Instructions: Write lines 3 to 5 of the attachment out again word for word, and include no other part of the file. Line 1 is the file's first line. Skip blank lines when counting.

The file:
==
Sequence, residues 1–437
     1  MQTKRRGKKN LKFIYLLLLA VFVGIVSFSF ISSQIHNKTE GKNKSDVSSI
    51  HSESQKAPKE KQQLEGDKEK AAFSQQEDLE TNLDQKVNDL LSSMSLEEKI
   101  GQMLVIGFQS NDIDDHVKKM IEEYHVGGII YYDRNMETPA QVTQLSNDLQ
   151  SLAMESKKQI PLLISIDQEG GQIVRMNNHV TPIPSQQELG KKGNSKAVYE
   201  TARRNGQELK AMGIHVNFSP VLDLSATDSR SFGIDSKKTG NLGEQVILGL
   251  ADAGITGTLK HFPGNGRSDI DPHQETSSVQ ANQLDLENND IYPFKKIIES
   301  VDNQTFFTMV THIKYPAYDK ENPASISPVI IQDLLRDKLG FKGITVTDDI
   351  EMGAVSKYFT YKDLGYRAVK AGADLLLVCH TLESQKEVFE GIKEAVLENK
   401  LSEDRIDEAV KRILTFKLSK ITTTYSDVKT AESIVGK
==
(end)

    51  HSESQKAPKE KQQLEGDKEK AAFSQQEDLE TNLDQKVNDL LSSMSLEEKI
   101  GQMLVIGFQS NDIDDHVKKM IEEYHVGGII YYDRNMETPA QVTQLSNDLQ
   151  SLAMESKKQI PLLISIDQEG GQIVRMNNHV TPIPSQQELG KKGNSKAVYE